Chris Wildman, Senior Manager, Customer Engagement & Product Development & Palatability with AFB had the privilege of speaking at Petfood Forum in Kansas City, MO, USA this fall. The topic of his presentation was “Cats’ eating enjoyment informs preference of food components.”
Pet Parent Perceptions of Labored Swallows in Dogs
More and more, pet parents want to know their dog is enjoying a meal in addition to simply eating it. If a meal is perceived as enjoyable, then there is a greater likelihood of a repurchase.
We presented videos with different levels of dog feeding enjoyment (i.e., % Nose in BowlSM) to pet parents. However, when pet parents judge “enjoyment”, they could have different expectations for how their pet should respond. An example of a difference in expectations is labored swallows, or chin thrusts, during eating. This study took a closer look at whether labored swallows are likely to be perceived as positive or negative by pet parents when describing their dog’s enjoyment of a meal.
Paired video surveys were conducted at AFB International in Missouri, USA. Fifty-five survey responses were collected from dog pet parents. Each survey participant watched two videos (A and B) of a dog eating a meal. Videos A and B differed in the level of % Nose in Bowl, which is an objective measure of feeding enjoyment (i.e., the proportion of time focused on the food). Three categories of paired videos A and B represented three levels of difference in % Nose in Bowl: low 3%, medium 6% and high 12%.
Category 1 (3% Nose in Bowl difference)= Both videos A and B contained labored swallows. Video A had double the number of examples than B.
Category 2 (6% Nose in Bowl difference)= Both videos contained labored swallows, but A had more than double the number of examples than B.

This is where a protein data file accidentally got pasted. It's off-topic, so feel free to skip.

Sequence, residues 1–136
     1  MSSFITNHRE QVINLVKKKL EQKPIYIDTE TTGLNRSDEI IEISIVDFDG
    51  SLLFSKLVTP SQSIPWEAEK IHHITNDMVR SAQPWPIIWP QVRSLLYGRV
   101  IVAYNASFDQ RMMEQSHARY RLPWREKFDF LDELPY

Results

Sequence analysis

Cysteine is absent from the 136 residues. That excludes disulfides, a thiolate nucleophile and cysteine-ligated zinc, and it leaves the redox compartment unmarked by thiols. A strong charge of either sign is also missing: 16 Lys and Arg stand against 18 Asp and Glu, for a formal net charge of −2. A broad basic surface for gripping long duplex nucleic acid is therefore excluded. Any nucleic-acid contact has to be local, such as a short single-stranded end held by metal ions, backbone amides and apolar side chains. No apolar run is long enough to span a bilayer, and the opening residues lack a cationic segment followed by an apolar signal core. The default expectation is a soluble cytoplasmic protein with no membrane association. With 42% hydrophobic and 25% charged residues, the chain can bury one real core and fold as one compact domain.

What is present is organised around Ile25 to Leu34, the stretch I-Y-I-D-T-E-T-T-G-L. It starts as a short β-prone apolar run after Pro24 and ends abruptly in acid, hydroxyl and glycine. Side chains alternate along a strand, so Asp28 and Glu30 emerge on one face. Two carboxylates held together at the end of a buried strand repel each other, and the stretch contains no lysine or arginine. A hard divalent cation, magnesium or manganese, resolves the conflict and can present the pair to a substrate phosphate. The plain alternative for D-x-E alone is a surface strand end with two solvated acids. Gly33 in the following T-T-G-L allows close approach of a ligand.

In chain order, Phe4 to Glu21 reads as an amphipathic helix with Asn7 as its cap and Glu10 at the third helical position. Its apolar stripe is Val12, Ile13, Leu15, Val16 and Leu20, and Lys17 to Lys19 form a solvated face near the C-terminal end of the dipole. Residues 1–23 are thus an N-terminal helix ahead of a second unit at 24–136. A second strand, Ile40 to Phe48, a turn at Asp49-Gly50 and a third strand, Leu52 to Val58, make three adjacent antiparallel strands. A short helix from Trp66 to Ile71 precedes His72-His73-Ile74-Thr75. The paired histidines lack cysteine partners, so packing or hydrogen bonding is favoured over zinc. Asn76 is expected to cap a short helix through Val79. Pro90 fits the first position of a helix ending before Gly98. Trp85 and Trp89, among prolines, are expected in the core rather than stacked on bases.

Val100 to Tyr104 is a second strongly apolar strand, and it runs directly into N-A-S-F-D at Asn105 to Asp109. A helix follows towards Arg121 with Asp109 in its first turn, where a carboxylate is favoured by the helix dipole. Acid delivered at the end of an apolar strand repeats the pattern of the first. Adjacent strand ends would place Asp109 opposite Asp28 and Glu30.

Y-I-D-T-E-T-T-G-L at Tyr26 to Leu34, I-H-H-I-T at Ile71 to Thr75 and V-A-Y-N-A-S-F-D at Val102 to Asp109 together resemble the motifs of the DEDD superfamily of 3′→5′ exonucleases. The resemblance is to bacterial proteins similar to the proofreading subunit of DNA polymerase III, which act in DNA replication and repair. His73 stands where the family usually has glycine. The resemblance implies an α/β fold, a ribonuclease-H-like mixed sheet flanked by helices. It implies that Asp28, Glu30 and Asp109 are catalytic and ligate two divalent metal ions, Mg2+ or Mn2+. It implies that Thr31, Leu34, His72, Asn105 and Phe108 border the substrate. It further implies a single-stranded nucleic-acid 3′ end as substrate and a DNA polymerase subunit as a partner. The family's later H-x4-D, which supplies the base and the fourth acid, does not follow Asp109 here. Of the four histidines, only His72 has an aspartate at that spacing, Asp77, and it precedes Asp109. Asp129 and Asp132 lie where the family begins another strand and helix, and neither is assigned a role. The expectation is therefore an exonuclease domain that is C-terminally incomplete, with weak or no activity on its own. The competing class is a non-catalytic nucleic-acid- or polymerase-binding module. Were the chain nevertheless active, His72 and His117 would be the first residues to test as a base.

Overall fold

Category 3 (12% Nose in Bowl difference)= Video A contained labored swallows while video B had zero examples.
Participants were randomly assigned to video categories and were not aware that labored swallows were the focus of the study. After each viewing, participants were asked in which video (A or B) the dog enjoyed the food more. Our hypothesis was that pet parents would perceive videos containing more labored swallows as the less enjoyed meal.
For Category 1 where labored swallows occurred in both videos and % Nose in Bowl difference was low, unexpectedly, the pet parent was slightly more likely to assign labored swallows as a positive behavior (Figure 2).
In Category 2 labored swallows were present in both videos with Video A having more than double the number of video B and medium difference in % Nose in Bowl. As expected, participants rated video B with less labored swallows as more enjoyable.
In Category 3 labored swallows were only present in Video A and videos had greatest difference in % Nose in Bowl. As expected, Video B with no labored swallows was associated with more enjoyment.
Prior to this study there wasn’t a clear understanding of how labored swallows could be perceived as part of dog feeding enjoyment. Despite a small portion of participants who associated labored swallows as a positive response, most of our participants perceived labored swallows in a negative context, particularly when % Nose in Bowl differences were 6% or greater (Categories 2 and 3). Enjoyment was more difficult for pet parents to distinguish when % Nose in Bowl was similar in videos A and B even when labored swallows occurred twice as often (Category 1).
The knowledge gained from this closer look into labored swallows will guide behavioral interpretation of future feeding trials that this response is generally perceived by pet parents as a negative action.